The health conscious residents of Loma Linda, a small California city with a large Seventh-day Adventist population, have banded together to fight against the opening of the town's first McDonald's.
Nestled in a beautiful stretch of land east of Los Angeles, the 23,000 people who live in Loma Linda enjoy one of the longest life spans in the world -- on average, residents live well into their 80s. Its people are borderline obsessed with fitness and clean living, and they have a healthy population of centenarians to prove it.
So when McDonald's decided to move in, the people of Loma Linda went into red alert. When the issue to approve its opening came up before the city council, the meeting room was packed with outraged residents and health professionals, as if a nuclear waste dump, and not a fast food chain, was coming to town.
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But the city isn't just full of fit families, it is also heavily Seventh-day Adventist, a religion that strongly encourages congregants to follow a vegetarian or vegan diet, as well as an alcohol, tobacco and caffeine-free lifestyle.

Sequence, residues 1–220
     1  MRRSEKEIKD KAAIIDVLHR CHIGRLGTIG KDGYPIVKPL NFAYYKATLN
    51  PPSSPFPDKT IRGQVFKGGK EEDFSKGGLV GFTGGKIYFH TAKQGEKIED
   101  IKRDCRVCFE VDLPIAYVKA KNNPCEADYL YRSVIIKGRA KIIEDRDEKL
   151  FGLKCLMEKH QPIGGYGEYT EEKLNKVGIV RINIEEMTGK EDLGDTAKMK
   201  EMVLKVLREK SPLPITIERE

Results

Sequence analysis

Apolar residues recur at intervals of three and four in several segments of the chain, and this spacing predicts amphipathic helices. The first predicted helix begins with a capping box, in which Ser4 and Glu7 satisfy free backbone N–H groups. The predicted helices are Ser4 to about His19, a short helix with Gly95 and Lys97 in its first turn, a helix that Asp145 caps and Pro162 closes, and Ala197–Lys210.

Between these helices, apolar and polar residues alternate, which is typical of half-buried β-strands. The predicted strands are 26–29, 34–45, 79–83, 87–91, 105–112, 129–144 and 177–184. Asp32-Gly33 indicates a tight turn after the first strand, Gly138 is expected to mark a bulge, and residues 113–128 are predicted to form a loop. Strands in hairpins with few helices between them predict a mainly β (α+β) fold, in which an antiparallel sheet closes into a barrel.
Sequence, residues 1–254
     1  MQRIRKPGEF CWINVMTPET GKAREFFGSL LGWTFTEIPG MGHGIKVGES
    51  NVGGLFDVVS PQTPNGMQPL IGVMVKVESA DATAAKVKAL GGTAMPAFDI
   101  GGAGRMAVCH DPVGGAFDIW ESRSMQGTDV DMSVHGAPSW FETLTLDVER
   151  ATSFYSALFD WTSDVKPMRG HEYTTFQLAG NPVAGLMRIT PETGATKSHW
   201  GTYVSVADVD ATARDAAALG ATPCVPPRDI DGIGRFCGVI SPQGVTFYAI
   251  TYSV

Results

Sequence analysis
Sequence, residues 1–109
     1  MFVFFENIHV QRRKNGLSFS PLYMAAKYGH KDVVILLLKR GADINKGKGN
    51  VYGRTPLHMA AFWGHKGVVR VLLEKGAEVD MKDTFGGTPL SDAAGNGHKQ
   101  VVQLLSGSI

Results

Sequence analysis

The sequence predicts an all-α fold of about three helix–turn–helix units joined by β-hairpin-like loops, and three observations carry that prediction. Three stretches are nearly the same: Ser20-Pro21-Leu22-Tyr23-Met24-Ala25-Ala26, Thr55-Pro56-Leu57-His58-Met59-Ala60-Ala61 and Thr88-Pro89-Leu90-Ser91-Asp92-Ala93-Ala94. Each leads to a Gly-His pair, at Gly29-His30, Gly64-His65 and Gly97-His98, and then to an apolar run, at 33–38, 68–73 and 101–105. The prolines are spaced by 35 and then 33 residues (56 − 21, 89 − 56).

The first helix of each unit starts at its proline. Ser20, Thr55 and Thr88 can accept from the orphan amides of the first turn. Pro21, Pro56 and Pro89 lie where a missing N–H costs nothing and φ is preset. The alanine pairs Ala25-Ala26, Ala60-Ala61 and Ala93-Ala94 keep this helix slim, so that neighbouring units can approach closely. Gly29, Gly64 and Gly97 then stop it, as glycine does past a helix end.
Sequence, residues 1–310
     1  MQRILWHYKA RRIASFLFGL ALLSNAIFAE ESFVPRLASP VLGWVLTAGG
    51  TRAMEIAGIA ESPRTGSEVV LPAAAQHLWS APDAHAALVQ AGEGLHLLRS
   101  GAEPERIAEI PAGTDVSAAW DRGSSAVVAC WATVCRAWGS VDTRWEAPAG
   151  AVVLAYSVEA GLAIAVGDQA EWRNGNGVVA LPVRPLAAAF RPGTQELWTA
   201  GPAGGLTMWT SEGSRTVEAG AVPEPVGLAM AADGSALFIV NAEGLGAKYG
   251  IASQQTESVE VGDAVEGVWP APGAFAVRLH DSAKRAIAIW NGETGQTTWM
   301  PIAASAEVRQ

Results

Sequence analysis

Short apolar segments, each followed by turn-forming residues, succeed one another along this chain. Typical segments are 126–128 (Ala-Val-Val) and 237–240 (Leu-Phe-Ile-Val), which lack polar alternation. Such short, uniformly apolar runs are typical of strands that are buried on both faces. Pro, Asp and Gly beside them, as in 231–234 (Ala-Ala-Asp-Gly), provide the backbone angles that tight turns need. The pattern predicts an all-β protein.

Pastor Randy Roberts of the Loma Linda University Church says healthy living is dictated straight from the scripture.
"In Corinthians, Paul speaking of the human body says specifically, 'you are the temple of the Holy spirit,'" explains Roberts. "Therefore, he says, whatever you do in your body, you do it to the honor, the glory and the praise of God."
He says the church has not taken an official position on the McDonald's controversy, but stands for living "a balanced, healthy, and whole lifestyle."
Dr. Wayne Dysinger, a physician of preventative medicine and a Loma Linda resident, is a leading member of the community coalition that opposes McDonald's. He says it is not just about the burgers and fries on McDonald's' menu, but also about what the fast food chain represents to Loma Linda's residents who cherish the community's health-conscious history.